1) A transformer for converting the net voltage to a suitable AC voltage.
2) A rectifier arrangement (often a bridge rectifier).
3) Power line decoupling capacitors (temporary energy storage).
4) A voltage regulator, often linear.

1)+2)+3) form an unregulated power supply with little power loss but some ripple and voltage variations with net voltage variations and loading. Useful for most power amplifiers and generally uncritical applications.

If 4) is added to 1)+2)+3) if forms a regulated power supply. Less ripple, constant output voltage and faster response to load changes. Unfortunately considerable power loss (heat). Useful for critical power amplifiers, pre-amplifiers, DACs etc.

You can very well start with one of the boards you suggest and then add 4) if needed. It is important to identify your needs for a a start because that affects the design of 1) and 3) in particular. If a linear regulator is used, it must have an input voltage margin such that it never saturates and regulation is lost.

4) can be designed from scratch with discrete components but generally it is recommended to use specialized ICs eventually with buffer transistors or improved regulation. Specialized ICs perform well for most use.

Linear regulators have the advantage of being adaptable by yourself through use of standard components.

The alternative to linear power supply systems is SMPS. SMPS can often be bought at good prices but are difficult to adapt yourself due to the specialized high-frequency transformer. You may add a linear post regulator after the SMPS. A post regulator can improve ripple and eventually also load response but then the attractive efficiency of the SMPS is partly lost.

Last edited by FauxFrench; 18th November 2018 at 10:32 PM.
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Old 18th November 2018, 10:45 PM   #7
MAAC0 is offline MAAC0  Portugal
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Old 19th November 2018, 02:04 AM   #8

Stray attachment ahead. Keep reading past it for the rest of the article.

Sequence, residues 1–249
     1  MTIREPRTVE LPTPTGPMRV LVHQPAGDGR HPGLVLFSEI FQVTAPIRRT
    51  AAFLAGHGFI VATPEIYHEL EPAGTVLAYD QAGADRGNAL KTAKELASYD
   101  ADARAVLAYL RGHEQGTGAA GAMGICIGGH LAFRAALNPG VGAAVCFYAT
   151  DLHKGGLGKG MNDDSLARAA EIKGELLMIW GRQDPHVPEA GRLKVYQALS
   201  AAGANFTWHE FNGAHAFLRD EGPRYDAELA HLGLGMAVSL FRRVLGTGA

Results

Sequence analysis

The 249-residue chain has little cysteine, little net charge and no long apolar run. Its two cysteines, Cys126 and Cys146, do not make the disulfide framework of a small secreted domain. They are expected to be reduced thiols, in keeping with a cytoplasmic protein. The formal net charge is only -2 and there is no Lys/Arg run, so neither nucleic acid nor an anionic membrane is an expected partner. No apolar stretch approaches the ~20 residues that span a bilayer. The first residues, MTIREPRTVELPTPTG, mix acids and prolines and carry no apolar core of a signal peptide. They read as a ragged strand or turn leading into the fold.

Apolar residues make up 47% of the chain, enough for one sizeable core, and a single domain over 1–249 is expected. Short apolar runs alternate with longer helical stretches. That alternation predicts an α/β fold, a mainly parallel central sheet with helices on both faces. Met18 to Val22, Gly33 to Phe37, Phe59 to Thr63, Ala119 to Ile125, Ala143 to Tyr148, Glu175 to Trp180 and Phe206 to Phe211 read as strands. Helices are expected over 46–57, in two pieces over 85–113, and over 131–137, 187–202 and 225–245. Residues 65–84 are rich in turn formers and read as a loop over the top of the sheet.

techmate is offline techmate
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Quote:
Originally Posted by FauxFrench View Post
G'day,

A small comment on supply voltages and power levels for a start: If the "hybrid amp" is a power amplifier, 26V/0.8Amp sounds little likely. 0.8A is too little for a power amplifier.
The TP50 uses a 5V/3A power supply.

Do you want to assemble your own power supply kit?
Do you want to design and build your own power supply using power regulator ICs?
Do you want to design and build your own power supply from discrete components?
G'day mate,

here is a picture of the wall wart so you can see by you're self, the hybrid amp is a class A headphone amplifier which i wish to mod as well but for this i have a separate topic open in tube amplifiers. Hopefully the information in the picture will be useful. I think assemble one is a faster and easier way, i don't have the knowledge to design a psu i'm good enough with soldering i have passion and patience and happy to put things togheter.
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Old 19th November 2018, 08:15 AM   #9
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Old 19th November 2018, 09:36 AM   #10
FauxFrench is offline FauxFrench  France
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A class A headphone amplifier, fine. 26V/0.8A I would make from a 30V/1.5A power adapter (SMPS), with 2200uF/50V at the output, followed by a linear post-regulator to reduce ripple and noise.

For the TP50 I would do the same but use a 9V/3A adapter instead.

Last edited by FauxFrench; 19th November 2018 at 09:40 AM.